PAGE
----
While water alone may not cause the steel to show signs of rust for a long time, wet grain lodged against the steel can cause this to happen very quickly. Once the bin is emptied, the inside should be inspected for any grain that may be sticking to the sheets. If this is found, it indicates water getting into the bin or grain spoilage from other causes. If the grain sticking to the sheets is not removed immediately, severe corrosion of the steel can begin to occur. The area that is most affected usually appears at the floor. Breakdown of the weather-tight seal at the base angle allows water to get under the bin and leads to spoiled grain and damage to the zinc coating on the steel.

When these situations are found, it is imperative that the wet grain be removed and the bin properly sealed to prevent further occurrence. If the zinc coating has been destroyed at this location or any other, the steel should be wire brushed or pressure washed to remove any loose scale and then painted. While a zinc-based paint would be preferable, any type of paint recommended by a paint manufacturer is acceptable. The most important thing is to replace the destroyed protective zinc coating with something that will stop the corrosion of the steel.

The other area where rust may appear early is on the roof. While the roof itself does not start to rust, equipment that extends over the roof such as catwalks, downspouts and loading equipment may start to rust. When this occurs, material is washed onto the bin roof and the rust process is then transferred to the roof. Again, it is essential that the loose scale be removed and a protective coating be placed on the roof panels.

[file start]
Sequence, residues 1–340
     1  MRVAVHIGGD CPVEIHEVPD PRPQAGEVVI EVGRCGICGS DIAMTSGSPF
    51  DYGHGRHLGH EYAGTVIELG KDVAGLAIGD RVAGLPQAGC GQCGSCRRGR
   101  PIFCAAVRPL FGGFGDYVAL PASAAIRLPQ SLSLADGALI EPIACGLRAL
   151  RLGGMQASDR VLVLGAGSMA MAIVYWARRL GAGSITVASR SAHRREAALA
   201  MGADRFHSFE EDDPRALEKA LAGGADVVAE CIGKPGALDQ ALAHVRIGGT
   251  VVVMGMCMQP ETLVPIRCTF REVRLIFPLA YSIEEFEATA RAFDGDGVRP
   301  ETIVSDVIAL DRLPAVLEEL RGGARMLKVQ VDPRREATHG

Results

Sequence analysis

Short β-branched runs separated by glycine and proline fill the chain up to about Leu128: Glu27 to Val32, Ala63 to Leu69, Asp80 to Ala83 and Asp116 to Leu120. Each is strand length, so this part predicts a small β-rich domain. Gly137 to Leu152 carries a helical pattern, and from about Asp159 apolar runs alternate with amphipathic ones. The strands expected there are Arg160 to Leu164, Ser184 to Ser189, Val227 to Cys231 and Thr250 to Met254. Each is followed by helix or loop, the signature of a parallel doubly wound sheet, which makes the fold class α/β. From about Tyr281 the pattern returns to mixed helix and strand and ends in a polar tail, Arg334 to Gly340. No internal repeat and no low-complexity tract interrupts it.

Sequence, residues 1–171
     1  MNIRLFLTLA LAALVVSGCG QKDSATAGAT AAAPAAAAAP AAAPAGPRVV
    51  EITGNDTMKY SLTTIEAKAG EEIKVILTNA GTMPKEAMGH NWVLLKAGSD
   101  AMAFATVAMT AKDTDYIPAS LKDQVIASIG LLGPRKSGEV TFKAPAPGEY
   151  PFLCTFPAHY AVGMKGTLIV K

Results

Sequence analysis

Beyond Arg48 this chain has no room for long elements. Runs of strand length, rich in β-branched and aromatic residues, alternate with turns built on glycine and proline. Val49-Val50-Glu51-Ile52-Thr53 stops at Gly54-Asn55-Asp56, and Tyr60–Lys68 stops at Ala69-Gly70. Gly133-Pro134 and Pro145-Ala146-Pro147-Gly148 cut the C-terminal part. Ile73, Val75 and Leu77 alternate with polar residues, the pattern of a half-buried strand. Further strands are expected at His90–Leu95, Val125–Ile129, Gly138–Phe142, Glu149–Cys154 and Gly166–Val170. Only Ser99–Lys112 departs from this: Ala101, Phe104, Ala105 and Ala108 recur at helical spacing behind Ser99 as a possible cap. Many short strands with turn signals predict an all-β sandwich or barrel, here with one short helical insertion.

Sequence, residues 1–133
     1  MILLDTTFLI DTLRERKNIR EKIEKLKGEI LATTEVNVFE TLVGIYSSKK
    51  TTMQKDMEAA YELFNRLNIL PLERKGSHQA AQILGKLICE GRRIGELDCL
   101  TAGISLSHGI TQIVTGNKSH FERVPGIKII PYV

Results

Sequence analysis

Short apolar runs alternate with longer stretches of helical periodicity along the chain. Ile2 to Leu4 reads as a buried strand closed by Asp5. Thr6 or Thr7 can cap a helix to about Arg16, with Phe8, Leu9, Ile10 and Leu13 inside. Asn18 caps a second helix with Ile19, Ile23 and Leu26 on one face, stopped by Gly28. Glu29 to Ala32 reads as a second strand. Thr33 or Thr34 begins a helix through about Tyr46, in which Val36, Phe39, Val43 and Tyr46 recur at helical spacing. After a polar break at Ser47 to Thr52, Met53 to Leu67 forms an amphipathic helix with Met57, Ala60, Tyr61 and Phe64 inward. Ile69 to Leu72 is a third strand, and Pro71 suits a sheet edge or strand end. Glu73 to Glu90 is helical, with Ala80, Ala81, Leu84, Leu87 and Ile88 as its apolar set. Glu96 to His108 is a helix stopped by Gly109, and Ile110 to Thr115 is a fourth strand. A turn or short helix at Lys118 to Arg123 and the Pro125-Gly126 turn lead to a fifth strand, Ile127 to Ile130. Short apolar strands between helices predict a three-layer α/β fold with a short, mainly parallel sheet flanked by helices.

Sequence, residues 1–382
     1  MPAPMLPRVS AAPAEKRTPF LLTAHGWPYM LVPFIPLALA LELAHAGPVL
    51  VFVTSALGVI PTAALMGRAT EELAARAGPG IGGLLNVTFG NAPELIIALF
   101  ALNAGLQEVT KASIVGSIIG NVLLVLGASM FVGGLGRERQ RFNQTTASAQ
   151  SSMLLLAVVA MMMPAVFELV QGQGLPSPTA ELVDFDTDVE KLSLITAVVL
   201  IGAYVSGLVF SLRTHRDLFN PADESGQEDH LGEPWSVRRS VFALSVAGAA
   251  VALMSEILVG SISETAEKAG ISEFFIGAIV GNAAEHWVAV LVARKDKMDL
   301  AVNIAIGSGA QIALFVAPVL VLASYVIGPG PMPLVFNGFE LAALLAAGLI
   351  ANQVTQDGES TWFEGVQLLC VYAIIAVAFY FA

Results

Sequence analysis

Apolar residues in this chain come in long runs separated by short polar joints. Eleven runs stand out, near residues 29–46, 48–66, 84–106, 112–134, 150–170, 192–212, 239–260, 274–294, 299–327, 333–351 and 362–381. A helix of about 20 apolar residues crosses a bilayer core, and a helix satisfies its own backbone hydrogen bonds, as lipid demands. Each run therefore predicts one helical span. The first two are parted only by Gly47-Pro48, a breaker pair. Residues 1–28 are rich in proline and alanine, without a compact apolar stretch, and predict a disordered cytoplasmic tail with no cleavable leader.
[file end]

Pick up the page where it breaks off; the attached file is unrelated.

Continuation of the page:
Temperature cables have often caused roof damage. As the size of the bins has increased, both by diameter and height, the grain load on the cables has also increased. If the attachment point at the roof is not properly designed or the cables are improperly hung, the loads on the system may cause roof failure. Weights should never be left on the bottom of the cables to hold them in place, but the bottom of the cable must be restrained. If the cable is allowed to move sideways as the grain is loaded and unloaded, the loads on the anchorage point at the roof are not acting straight down. This can also cause roof failure.

Proper use of steel bins that are properly constructed and set on properly designed concrete will give you many years of use. Even though bins themselves are not a mechanical piece of equipment, they do require maintenance and upkeep just like any other piece of equipment. If problems occur, it is essential that they be properly addressed to prevent further damage or even catastrophic failure.

Harmon L. Towne is retired from Brock Manufacturing where he was vice-president of engineering and product development. He can be reached at